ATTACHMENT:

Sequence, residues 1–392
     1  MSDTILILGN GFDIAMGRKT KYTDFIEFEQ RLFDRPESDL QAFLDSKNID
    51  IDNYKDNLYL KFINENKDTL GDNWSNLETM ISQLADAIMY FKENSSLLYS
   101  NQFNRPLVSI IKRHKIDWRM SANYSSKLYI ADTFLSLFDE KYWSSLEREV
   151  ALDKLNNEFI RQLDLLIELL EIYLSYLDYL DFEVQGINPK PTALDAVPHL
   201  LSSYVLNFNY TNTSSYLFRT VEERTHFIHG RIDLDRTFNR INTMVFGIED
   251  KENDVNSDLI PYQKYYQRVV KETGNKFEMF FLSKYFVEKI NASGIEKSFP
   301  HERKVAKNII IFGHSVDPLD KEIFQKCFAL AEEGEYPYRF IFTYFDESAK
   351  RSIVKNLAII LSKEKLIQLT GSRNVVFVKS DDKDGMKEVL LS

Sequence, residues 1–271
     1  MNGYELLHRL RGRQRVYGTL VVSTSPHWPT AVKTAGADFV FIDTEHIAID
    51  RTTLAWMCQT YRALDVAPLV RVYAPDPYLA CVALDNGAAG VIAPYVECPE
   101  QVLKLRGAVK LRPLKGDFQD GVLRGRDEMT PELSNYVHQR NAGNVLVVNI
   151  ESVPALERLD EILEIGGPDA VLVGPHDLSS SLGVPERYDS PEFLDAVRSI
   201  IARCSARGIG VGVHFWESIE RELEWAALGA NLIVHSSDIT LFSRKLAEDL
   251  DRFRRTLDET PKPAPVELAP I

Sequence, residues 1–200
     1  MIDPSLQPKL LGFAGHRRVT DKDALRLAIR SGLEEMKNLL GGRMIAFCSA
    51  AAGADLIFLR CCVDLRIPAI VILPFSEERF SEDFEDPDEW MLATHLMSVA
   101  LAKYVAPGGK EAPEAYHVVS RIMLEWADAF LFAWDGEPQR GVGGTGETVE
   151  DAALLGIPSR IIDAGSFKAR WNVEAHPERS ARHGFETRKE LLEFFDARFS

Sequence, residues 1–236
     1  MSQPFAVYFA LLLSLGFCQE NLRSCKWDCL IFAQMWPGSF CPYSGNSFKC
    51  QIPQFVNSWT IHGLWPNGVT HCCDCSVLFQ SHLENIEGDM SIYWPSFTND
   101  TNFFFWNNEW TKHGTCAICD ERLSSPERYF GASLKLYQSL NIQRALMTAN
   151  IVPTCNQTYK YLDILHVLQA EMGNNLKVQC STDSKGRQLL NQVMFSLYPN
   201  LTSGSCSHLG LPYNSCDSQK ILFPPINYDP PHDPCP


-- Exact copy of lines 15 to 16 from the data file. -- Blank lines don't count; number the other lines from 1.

   201  IARCSARGIG VGVHFWESIE RELEWAALGA NLIVHSSDIT LFSRKLAEDL
   251  DRFRRTLDET PKPAPVELAP I